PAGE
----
Minstrelsy of the Scottish Border ''Minstrelsy of the Scottish Border'' is an anthology of Border ballads, together with some from north-east Scotland and a few modern literary ballads, edited by Walter Scott. It was first published in 1802, but was expanded in several later ed ...
''. Burns collaborated with James Johnson on the multi-volume ''
Scots Musical Museum The ''Scots Musical Museum'' was an influential collection of traditional folk music of Scotland published in 1797. While it was not the first collection of Scottish folk songs and music, the six volumes with 100 songs in each collected many pieces, ...
'', a miscellany of folk songs and poetry with original work by Burns. Around the same time, he worked with George Thompson on '' A Select Collection of Original Scottish Airs for the Voice''. Both Northern English and Southern Scots shared in the identified tradition of
Border ballads Border ballads are a group of songs in the long tradition of balladry collected from the Anglo-Scottish border. Like all traditional ballads, they were traditionally sung unaccompanied. There may be a repeating motif, but there is no "chorus" as i ...
, particularly evinced by the cross-border narrative in versions of "
The Ballad of Chevy Chase "The Ballad of Chevy Chase" is an English ballad, catalogued as Child Ballad 162 (Roud 223Sehere/ref>). There are two extant ballads under this title, both of which narrate the same story. As ballads existed within oral tradition before being writt ...
" sometimes associated with the Lancashire-born sixteenth-century minstrel Richard Sheale.D. Gregory, '"The Songs of the People for Me": The Victorian Rediscovery of Lancashire Vernacular Song', ''Canadian Folk Music/Musique folklorique canadienne'', 40 (2006), pp. 12-21. It has been suggested that the increasing interest in traditional popular ballads during the eighteenth century was prompted by social issues such as the enclosure movement as many of the ballads deal with themes concerning rural laborers. James Davey has suggested that the common themes of sailing and naval battles may also have prompted the use (at least in England) of popular ballads as naval recruitment tools. Key work on the traditional ballad was undertaken in the late 19th century in Denmark by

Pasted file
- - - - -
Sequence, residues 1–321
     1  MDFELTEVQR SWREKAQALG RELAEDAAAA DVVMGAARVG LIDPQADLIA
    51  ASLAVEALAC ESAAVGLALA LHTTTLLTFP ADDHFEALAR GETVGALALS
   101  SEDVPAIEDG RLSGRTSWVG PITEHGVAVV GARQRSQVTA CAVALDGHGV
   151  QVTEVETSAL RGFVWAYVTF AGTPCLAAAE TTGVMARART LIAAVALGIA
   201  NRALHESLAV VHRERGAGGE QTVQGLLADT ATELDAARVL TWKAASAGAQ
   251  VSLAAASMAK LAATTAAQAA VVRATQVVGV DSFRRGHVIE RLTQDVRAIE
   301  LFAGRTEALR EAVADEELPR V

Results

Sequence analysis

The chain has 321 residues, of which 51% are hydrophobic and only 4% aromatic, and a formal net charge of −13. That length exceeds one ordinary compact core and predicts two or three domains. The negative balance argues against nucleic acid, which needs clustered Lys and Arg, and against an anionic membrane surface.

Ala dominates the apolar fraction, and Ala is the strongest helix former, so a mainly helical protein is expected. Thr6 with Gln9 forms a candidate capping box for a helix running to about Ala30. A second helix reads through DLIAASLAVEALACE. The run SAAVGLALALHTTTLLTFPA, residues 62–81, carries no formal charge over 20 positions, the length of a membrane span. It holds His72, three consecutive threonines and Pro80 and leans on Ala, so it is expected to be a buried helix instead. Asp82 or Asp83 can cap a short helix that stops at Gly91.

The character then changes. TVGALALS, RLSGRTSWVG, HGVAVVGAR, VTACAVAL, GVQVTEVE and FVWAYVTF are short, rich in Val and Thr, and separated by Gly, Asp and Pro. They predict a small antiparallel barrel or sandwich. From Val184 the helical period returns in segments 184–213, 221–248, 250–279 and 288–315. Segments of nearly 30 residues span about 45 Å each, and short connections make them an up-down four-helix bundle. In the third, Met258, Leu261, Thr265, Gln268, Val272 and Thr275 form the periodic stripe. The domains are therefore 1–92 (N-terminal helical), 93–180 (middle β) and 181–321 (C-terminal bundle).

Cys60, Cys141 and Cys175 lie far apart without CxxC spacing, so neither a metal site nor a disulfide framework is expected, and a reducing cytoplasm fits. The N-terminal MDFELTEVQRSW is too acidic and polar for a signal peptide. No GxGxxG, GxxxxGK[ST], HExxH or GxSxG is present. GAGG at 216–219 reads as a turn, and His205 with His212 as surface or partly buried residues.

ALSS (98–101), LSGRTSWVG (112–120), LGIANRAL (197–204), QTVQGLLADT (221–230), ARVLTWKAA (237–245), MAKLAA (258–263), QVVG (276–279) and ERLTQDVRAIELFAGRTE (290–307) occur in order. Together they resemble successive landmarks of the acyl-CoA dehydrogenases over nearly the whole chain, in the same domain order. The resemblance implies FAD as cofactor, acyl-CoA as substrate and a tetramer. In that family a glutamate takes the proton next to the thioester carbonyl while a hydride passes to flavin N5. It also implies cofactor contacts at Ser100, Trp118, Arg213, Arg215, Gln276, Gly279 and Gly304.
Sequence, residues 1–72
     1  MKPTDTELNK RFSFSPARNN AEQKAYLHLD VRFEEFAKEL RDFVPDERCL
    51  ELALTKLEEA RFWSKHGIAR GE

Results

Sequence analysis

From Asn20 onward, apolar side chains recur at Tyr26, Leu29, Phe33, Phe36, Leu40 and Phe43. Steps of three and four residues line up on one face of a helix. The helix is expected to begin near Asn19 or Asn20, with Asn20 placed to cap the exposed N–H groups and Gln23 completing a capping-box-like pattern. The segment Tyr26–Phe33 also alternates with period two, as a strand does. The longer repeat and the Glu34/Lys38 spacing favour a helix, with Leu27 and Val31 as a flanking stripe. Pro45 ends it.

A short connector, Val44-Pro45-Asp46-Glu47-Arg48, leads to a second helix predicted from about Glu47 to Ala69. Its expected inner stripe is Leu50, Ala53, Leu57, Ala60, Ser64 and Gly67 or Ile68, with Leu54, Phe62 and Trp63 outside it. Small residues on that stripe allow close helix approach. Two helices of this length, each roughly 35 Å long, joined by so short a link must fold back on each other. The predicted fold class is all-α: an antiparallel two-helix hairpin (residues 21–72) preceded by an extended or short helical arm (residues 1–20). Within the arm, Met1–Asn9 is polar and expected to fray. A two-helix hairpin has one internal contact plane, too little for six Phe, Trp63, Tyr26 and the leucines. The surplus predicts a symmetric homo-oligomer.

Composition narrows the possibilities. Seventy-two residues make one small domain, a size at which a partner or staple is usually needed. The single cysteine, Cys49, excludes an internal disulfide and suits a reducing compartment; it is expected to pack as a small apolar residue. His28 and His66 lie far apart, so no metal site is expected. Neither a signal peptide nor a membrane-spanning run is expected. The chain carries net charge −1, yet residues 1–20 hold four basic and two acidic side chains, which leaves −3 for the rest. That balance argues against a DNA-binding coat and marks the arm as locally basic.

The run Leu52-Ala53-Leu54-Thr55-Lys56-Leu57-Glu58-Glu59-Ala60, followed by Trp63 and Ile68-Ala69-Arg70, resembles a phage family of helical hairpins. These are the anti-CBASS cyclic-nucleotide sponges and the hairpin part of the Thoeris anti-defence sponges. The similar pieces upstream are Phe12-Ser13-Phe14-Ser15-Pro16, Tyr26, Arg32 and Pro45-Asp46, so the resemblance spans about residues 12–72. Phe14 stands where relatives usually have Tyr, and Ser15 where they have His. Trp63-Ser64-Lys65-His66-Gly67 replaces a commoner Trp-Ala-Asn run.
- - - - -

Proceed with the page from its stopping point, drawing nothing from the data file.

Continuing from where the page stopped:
Svend Grundtvig Svend Hersleb Grundtvig (9 September 1824, Copenhagen – 14 July 1883, Frederiksberg) was a Danish literary historian and ethnographer. He was one of the first systematic collectors of Danish traditional music, and he was especially interested in ...
and for England and Scotland by the Harvard professor
Francis James Child Francis James Child (February 1, 1825 – September 11, 1896) was an American scholar, educator, and folklorist, best known today for his collection of English and Scottish ballads now known as the Child Ballads. Child was Boylston professor of rhe ...
. They attempted to record and classify all the known ballads and variants in their chosen regions. Since Child died before writing a commentary on his work it is uncertain exactly how and why he differentiated the 305 ballads printed that would be published as ''
The English and Scottish Popular Ballads The Child Ballads are 305 traditional ballads from England and Scotland, and their American variants, anthologized by Francis James Child during the second half of the 19th century. Their lyrics and Child's studies of them were published as ''Th ...
''. There have been many different and contradictory attempts to classify traditional ballads by theme, but commonly identified types are the religious, supernatural, tragic, love ballads, historic, legendary and humorous. The traditional form and content of the ballad were modified to form the basis for twenty-three bawdy pornographic ballads that appeared in the underground Victorian magazine '' The Pearl'', which ran for eighteen issues between 1879 and 1880. Unlike the traditional ballad, these obscene ballads aggressively mocked sentimental nostalgia and local lore.


Broadsides